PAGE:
Gym ball sitting, peanut ball or bouncy animal sitting!

by Louise O'Reilly

We love this exercise at Tots2Teens Therapy….. it is good for the core muscles, balance skills and saving reactions! For information on how to choose your ball and ball activities keep reading.

You need to choose a ball tall enough to slightly tip your child's hips forwards, this will engage their core and get them sitting upright. Inflate the ball so it is slightly higher than a regular chair for your child. 

As a general guide an under 3 year olds needs a 30 cm ball, 45cm for 3-6 year olds, 55cm for 7-10 year olds and 65cm for 11+ year olds. Measure from your child's heel (shoes on) to the back of their knee, and add a couple of cms. The bouncy animals are great fun and more stable than a gymball for a younger child. I would opt for a peanut ball for a child who requires more stability from the ball to achieve the starting position!

Independent Sitting on the Ball

Start with the feet flat on the floor, shoes and AFOs on. Stabilise the ball so it can't move, either wedge in the corner of a room of between the sofa and a wall. Support your child at their thighs to start with and then gradually move your support lower to your child's knees, then their shins, their AFOs then just their feet. When they have got their balance, progressively start this process again with the ball only against one surface.

Weight Shifting

While seated, you can improve the control of your center of gravity by practicing weight-shifting balance exercises. By moving your pelvis in different directions -- forward, backward and side to side -- and away from a centered position, you can work on your balance as well as strengthen your core musculature and lower body. You can also increase the flexibility of your hip joints. For example, sit on a stability ball with your feet flat on the floor and hip-width apart. Slowly move your hips forward, holding the peak position for a count of three, then return to the starting position. Next, shift your weight backwards for a count of three. Repeat the exercise again with your eyes closed.

Progressions

Upon mastering basic weight-shifting exercises, you can advance balance training from a seated position in various ways. Change arm positions or introduce movement -- reaching out to grab an object -- to make balance exercises more difficult. You can also change the way you use vision, transitioning from having your eyes open to wearing dark glasses to closed eyes. You can transition from single tasks requiring simple movement to multi-tasking exercises and games.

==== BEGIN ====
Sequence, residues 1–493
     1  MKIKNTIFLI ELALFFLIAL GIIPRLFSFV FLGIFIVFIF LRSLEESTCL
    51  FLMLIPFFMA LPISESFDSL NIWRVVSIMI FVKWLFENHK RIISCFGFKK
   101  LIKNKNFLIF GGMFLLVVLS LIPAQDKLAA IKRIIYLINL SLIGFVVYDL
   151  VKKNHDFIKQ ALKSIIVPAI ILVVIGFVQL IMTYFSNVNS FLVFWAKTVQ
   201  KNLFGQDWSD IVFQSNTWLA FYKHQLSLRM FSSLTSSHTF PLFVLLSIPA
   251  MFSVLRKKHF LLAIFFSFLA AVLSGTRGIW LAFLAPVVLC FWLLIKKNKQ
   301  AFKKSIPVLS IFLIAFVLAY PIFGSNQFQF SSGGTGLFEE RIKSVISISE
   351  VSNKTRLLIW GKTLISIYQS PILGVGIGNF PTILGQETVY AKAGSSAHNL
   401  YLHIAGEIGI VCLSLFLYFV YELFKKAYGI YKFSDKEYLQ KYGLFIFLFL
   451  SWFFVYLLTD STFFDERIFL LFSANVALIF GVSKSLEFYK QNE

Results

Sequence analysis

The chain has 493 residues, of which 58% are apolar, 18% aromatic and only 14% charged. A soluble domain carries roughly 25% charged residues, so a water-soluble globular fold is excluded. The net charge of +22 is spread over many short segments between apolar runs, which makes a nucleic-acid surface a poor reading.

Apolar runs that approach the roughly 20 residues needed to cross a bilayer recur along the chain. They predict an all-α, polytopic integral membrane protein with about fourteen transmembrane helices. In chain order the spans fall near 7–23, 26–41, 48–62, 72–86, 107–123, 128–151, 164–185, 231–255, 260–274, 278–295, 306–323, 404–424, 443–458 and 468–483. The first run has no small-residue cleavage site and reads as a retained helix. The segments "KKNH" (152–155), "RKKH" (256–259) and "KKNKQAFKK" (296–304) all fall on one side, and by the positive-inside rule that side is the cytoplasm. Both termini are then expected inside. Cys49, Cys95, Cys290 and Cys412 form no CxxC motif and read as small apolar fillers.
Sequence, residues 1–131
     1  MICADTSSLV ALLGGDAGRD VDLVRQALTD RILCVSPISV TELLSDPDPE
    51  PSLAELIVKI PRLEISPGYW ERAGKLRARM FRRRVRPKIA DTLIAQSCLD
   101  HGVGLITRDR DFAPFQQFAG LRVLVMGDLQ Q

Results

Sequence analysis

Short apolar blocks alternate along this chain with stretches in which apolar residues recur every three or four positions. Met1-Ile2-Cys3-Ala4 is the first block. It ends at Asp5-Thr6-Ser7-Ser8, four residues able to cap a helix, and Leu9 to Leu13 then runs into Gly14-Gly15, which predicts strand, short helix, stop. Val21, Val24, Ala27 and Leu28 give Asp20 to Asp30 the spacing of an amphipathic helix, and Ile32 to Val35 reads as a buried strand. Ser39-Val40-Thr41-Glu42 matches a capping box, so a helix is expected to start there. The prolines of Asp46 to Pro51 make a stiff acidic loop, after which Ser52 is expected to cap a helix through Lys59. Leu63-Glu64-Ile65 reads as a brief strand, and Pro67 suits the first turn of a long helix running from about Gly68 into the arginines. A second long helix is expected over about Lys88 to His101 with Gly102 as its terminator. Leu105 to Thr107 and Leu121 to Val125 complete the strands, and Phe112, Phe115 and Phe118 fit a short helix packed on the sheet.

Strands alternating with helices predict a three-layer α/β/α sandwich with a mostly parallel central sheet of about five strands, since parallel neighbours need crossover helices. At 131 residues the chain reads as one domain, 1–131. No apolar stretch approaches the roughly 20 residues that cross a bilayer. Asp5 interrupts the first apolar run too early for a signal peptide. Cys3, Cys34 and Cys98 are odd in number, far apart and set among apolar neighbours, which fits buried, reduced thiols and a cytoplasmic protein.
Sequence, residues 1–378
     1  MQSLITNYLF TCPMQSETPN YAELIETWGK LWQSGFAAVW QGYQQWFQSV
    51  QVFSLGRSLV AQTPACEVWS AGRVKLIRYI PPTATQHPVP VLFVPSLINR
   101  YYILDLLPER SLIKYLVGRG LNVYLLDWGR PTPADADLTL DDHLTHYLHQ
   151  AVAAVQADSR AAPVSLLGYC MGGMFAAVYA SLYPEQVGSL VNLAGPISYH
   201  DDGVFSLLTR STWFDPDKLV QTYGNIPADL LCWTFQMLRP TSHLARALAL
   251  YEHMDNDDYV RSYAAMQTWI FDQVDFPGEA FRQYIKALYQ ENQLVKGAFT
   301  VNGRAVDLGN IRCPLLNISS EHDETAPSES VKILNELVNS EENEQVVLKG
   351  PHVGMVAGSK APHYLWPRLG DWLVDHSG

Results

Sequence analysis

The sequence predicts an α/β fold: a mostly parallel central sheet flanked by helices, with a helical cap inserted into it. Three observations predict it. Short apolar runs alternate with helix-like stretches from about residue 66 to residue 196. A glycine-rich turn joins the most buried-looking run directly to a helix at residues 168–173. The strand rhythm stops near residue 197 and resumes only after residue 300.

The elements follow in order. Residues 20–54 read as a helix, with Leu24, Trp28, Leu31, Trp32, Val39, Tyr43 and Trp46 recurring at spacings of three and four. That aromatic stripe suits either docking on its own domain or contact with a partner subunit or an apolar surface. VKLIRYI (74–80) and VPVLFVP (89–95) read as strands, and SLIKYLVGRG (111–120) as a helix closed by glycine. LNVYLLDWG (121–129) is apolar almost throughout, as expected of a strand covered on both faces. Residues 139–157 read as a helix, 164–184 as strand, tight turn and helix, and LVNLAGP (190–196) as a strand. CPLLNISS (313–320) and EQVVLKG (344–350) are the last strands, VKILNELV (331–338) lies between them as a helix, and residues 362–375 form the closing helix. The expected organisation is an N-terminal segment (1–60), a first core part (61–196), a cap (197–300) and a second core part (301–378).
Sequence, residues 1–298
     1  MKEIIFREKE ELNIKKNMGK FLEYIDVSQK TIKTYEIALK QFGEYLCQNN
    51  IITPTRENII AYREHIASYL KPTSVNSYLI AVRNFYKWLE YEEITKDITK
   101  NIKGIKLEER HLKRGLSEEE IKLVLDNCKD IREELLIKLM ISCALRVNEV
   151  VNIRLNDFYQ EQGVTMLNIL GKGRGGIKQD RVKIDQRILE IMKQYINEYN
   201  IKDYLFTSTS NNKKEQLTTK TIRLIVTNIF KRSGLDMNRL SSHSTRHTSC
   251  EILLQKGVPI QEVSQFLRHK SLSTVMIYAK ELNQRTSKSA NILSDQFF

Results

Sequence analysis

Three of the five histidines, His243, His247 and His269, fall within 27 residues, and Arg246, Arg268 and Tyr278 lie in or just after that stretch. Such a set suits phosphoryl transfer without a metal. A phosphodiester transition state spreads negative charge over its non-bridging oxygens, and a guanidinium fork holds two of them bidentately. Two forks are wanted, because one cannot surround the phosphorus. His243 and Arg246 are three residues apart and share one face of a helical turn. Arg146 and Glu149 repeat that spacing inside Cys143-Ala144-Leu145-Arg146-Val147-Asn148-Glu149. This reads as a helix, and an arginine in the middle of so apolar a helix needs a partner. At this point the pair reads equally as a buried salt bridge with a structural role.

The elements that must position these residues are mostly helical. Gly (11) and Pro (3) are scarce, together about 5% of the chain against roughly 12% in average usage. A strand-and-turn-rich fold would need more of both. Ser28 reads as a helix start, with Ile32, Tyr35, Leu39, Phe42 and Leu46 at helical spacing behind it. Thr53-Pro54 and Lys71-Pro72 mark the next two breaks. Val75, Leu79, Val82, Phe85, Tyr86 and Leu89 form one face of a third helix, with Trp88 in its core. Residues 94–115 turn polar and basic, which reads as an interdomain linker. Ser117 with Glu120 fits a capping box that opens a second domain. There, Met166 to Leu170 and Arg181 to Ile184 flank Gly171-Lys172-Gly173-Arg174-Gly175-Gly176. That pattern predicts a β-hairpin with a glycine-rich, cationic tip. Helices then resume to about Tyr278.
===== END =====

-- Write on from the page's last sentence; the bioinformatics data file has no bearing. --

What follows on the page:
Bouncing

When bouncing on an exercise ball, you’re forced to control your center of gravity in a dynamic way. You can bounce up and down, forward and backward, side to side or diagonally. While honing your balance, bouncing exercises also strengthen the muscles in your lower body -- hip flexors, thighs and ankles. For example, sit upright on a ball with feet hip-width apart and flat on the ground. Lock your gaze on a target at eye level. Start by bouncing vertically, increasing the height of your bounce incrementally until your sitting bones lift off the ball. Perform 10 bounces, then close your eyes and repeat the exercise. If you experience discomfort in your knees or hips or start feeling dizzy, stop bouncing.

Adding Resistance

By adding resistance, such as a medicine ball, to an exercise while sitting on a stability ball, you'll build core muscles and the upper body. For example, sit on the ball with only your toes touching the floor. Have a partner also sit on a ball across from you. Perform a game of catch in which your partner tosses a medicine ball to you at different angles. The more you have to move in different directions to catch the ball, the more you hone your sitting balance. To decrease the difficulty or load of the exercise, replace the medicine ball with a smaller and lighter rubber ball.